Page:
Yoko Rises to the OccasionBy Ken Ficara
Yoko Ono's new album, Rising, is simply outstanding. She has abandoned much of her 1980s attempts at (Roberta) Flackery, and come back with an album that runs the gamut from tough, angry music to beautiful ballads and reminds you that this woman set the stage for a generation of "alternative" musicians.
She was tearing her guts out when Courtney Love was in diapers; she was doing industrial music when there was still industry in the U.S.; she was doing strange spoken word pieces when Laurie Anderson wasn't old enough to drink; and at 63, she is still out ahead of the crowd and kicking some serious ass.
Yes, some of these songs go off into the sort of wordless screaming that characterized some of her extreme 60s work, but with a solid groove underneath that make you want to turn it up instead of turning it off. Despite years of abuse by ignorant Beatles fans who neither like nor understand her work, she's still a fascinating and dangerous musician who will not let you off easily.
Yoko's liner notes describe the album as "a purging of my my pain, anger and fear," and the album progresses in that line, almost too obviously. She says it was written largely from her experiences as a child growing up in Japan during WWII, and about the horrors of Hiroshima, and then compares that to life in New York City today. Perhaps she's overdoing the comparison, but then, maybe she isn't. As she says,
The city is a warzone. And I now have many friends around me who are facing slow death from AIDS. They are suffering low white blood cell counts exactly as the Hiroshima victims were. I am living amongst my suffering friends, listening to them talk about their fear of death, sometimes jokingly, and other times in anger. I live through their nightmares, not daring to voice my own.
The first track, "Warzone", is a straight-ahead hardcore track, with a guitar line that sounds like it was lifted from a Body Count record. "Ask the Dragon" is strongly reminiscient of Laurie Anderson -- quirky spoken vocal, percussion-driven backing track -- but she quickly breaks out of the ironic tone. Her voice cajoles, pokes fun, acts cute, and then assaults you.
"New York Woman" -- the most radio-ready song on the album -- isn't so much angry as powerful, a song for everyone from the Central Park Jogger and Eliza Izquierdo to Tina Brown. This tone carries on, till at the middle of the album, she sings, in "Turned the Corner,":
I turned a corner
It didn't seem that was wrong
I was just having a laugh
But suddenly my friends are gone
And I didn't know that life would be so long.
The song is stark, with an itchy rhythm strummed on acoustic guitar, and a sparse and angular lead guitar that reminds you a bit of Adrian Belew. Following it is "I'm Dying," six minutes of Yoko's wordless agonizing over a hard funk bass line and a driving guitar. People frequently complain that Yoko "screams too much" but then, there's a word for a lot of unintelligible screaming backed up by a good dance groove: rock&roll.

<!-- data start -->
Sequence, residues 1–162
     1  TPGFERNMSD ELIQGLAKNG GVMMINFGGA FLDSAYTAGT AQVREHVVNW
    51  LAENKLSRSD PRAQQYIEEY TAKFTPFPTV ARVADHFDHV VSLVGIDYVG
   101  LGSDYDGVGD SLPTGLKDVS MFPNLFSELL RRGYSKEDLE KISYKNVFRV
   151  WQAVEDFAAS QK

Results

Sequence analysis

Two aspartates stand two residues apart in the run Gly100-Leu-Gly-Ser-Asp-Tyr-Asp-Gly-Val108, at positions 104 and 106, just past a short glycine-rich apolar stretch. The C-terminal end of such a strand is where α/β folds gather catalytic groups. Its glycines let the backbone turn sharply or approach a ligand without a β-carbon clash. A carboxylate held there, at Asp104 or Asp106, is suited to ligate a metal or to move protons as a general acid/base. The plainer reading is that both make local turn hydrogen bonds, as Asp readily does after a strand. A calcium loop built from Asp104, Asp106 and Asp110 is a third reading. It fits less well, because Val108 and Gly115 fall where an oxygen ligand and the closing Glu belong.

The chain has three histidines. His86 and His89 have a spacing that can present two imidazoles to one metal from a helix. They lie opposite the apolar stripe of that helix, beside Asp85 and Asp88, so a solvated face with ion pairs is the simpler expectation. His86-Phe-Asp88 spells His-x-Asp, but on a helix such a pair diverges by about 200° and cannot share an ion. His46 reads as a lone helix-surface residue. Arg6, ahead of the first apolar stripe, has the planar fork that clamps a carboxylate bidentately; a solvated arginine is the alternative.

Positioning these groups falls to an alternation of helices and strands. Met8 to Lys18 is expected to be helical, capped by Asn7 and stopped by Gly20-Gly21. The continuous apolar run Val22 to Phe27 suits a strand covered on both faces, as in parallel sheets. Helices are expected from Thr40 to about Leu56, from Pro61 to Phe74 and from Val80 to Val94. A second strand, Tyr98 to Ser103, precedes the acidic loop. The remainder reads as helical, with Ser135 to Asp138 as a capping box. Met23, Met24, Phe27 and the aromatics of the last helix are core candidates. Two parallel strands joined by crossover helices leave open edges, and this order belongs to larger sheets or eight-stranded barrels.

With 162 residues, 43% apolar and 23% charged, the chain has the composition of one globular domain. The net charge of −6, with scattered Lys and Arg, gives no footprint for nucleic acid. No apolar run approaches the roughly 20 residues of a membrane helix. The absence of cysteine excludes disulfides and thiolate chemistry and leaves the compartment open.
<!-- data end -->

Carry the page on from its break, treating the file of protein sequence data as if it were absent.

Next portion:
Which brings up another point: Sean Ono Lennon's band, Ima, backs Yoko up on this album and does one hell of a job. In almost every case, when Yoko gets together with crack musicians who understand what she wants to do -- "Walking on Thin Ice," Approximately Infinite Universe -- the result is usually riveting.
In any case, after "I'm Dying," the album turns a corner, starting with "Where Do We Go From Here" and leading into the two centerpiece songs. In "Kurushi," she repeats the song's title (a word meaning something like tormented, pained and suffering, she says) over slow piano and a deliberate drum beat, with a jazz bass occasionally jutting up out of the mix.
The nearly 15-minute title track sounds and builds much like some of Nine Inch Nail's quieter songs, sucking you in with a simple lyric and almost imperceptible music, until before you realize it you're rising with her, from resignation, to anger, to tears, to resolution:
Rising concludes with a beautiful song called "Revelations," which suffers perhaps from a few too many new age solipsisms, but it's so hymnlike and comforting that you don't mind. Yoko's worst work was during the 80s, as she produced new-agey feel-good albums with mushy soft-pop melodies; but it's not that she can't write pretty songs, it's just that her pretty songs work better next to her challenging and dangerous music.
This is an incredibly strong and powerful album. Perhaps this 63-year-old artist will finally find an audience among the same kids who brought punk music and industrial music to mainstream popularity, among these kids who are perhaps too young to remember that she's supposed to be the ice queen who broke up the Beatles. Perhaps they don't give a shit about the Beatles -- perhaps they might even like this independent feminist screaming at the top of her lungs better than another bunch of aging male rock&rollers. Perhaps a generation that has embraced music from around the world in its dance music will reject the racism that condemned a Japanese woman who not only consorted with an English rock icon, but dared to think that maybe she was just as smart, and just as talented, as he was.
Perhaps they might see in this woman a bit of what led John Lennon to spend the rest of his life with her.